Board of Public Works approves funding for Clean Water and the Chesapeake Bay

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Jay Apperson

Board of Public Works approves funding for Clean Water and the Chesapeake Bay

Grants and loans will reduce pollution, improve water quality, conserve water

BALTIMORE, MD (February 18, 2015) – The Maryland Board of Public Works approved more than $13 million in funding today to upgrade a wastewater treatment plant, improve a sewage system and drinking water infrastructure and reduce the effects of abandoned mines on water quality. The Board is composed of Governor Larry Hogan, Treasurer Nancy K. Kopp and Comptroller Peter Franchot.

“Working to restore our most treasured asset, the Chesapeake Bay, is a goal that we all agree on,” said Maryland Department of the Environment Acting Secretary Ben Grumbles. “Upgrading the Freedom District wastewater treatment plant moves us closer to that goal. That project and the others approved today are not only good for the environment – they are good for jobs and good for business.”

The following projects were approved today:

Freedom District Wastewater Treatment Plant Enhanced Nutrient Removal Upgrade project – Carroll County

Grants totaling $11,742,773 – a $7,369,359 Bay Restoration Fund grant and a $4,373,114 Chesapeake Bay Water Quality Projects grant – to Maryland Environmental Service will help fund the planning, design and construction of Biological Nutrient Removal (BNR) refinements and the Enhanced Nutrient Removal (ENR) upgrade at the existing 3.5 million gallons per day Freedom District Wastewater Treatment Plant. After the upgrades, the facility will reduce its nitrogen discharge by 76 percent and its phosphorus discharge by 85 percent, significantly reducing the amount of nutrients discharged to South Branch Patapsco River and ultimately the Chesapeake Bay. Excessive amounts of nutrients such as nitrogen and phosphorus lead to lowered levels of oxygen needed to support aquatic life in waterways, including the Chesapeake Bay. Enhanced Nutrient Removal upgrades of the state’s major wastewater treatment plants are a critical component of Maryland’s Phase II Watershed Implementation Plan.

Braddock Run Sanitary Sewer Rehab Phase III project – Allegany County 

Funding of $1,424,000 – a $500,000 grant in the form of loan forgiveness from the Water Quality State Revolving Loan Fund, a $125,000 Chesapeake Bay Water Quality Project Funds Supplemental Assistance Program grant and a $799,000 Water Quality State Revolving Loan Fund loan – to Allegany County will help fund the repair and replacement of manholes and pipes and other required modifications of the Braddock Run sewer system. The project will reduce inflow and infiltration of water to the lines, which leads to sewer overflows.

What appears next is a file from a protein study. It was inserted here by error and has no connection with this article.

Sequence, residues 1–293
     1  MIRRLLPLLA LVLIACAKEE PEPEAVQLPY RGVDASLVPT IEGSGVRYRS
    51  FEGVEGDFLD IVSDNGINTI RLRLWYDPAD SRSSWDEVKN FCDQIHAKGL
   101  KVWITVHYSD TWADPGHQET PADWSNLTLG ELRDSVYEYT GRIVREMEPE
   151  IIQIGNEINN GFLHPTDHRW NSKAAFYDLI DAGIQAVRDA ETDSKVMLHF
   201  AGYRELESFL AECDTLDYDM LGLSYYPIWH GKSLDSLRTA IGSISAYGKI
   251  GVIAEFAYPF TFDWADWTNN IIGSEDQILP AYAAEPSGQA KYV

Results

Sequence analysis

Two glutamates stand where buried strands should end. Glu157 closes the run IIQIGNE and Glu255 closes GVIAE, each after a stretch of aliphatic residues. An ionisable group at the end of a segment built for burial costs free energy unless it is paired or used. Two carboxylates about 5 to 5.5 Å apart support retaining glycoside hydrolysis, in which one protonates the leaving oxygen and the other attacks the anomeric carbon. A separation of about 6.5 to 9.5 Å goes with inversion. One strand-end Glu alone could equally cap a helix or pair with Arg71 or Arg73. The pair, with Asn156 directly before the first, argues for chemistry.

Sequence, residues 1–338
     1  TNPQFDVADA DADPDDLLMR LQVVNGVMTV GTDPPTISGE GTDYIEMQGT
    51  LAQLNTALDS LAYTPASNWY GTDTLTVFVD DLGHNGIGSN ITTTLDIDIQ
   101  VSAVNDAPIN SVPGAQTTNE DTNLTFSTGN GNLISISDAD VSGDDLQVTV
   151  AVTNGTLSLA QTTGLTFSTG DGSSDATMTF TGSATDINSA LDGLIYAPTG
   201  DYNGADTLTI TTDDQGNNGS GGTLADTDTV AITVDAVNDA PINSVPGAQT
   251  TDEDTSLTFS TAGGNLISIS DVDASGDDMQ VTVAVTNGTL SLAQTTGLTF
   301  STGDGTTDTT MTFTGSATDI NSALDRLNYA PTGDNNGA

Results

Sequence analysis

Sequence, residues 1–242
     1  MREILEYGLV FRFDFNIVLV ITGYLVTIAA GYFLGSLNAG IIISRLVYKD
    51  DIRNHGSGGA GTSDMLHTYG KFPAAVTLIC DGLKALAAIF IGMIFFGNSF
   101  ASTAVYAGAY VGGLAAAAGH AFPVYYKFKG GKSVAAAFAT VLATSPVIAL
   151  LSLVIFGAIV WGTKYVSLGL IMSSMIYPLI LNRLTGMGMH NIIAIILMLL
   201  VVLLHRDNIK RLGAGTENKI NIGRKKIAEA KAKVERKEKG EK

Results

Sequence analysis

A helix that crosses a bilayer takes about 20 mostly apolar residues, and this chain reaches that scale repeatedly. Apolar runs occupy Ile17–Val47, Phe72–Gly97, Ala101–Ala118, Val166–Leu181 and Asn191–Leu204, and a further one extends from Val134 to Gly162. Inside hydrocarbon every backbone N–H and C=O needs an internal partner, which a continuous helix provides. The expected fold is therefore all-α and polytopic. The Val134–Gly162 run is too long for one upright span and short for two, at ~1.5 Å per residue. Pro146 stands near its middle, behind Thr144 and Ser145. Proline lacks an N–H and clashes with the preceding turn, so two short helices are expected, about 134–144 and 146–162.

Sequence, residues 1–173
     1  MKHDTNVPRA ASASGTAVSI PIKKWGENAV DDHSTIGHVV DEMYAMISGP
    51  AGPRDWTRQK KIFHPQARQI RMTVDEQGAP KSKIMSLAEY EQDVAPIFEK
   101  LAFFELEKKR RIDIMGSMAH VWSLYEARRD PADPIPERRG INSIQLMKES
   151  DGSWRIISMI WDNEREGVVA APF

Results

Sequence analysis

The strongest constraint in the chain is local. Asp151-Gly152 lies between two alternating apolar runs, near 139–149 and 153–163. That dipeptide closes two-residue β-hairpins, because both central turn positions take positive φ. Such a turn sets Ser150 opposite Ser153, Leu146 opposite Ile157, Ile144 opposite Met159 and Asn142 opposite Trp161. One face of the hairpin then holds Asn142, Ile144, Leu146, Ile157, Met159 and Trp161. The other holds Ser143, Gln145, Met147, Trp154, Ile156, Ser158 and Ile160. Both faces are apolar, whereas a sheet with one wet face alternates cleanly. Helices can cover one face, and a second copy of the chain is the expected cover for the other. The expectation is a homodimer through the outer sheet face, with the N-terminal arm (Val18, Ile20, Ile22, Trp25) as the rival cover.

Crisfield Peripheral Water Meter Upgrade project – Somerset County

A $211,313 Drinking Water Revolving Loan Fund Green grant to the Somerset County Sanitary District will help fund the Crisfield Peripheral Water Meter Upgrade project. The project entails the replacement of aging water meters with new, radio-read capable meters in the area surrounding Crisfield. The County plans to acquire and install new water meters to accurately track water losses, increase efficiency, minimize leakage and promote water conservation.

Upper Georges Creek Stream Sealing Acid Mine Drainage Remediation project – Allegany County

A $93,498 Mining Remediation Program grant to CTL Engineering of West Virginia, LLC, will help fund the Upper Georges Creek Stream Sealing Acid Mine Drainage Remediation project. The project will address the effects of collapses in abandoned deep mines that cause streambeds to subside and stream flow to be lost into the mine workings, where it becomes contaminated before discharging at a mine opening or drainage tunnel. Water from the top third of the Georges Creek watershed is collected and discharged from a drainage tunnel into Braddock Run. The project will assess various tributaries and provide data for the best sites for baseline monitoring and remediation. By returning stream flow to Georges Creek, pollutants will be removed and water quality improved in Braddock Run and Wills Creek. Wills Creek flows into the Potomac River, a tributary of the Chesapeake Bay.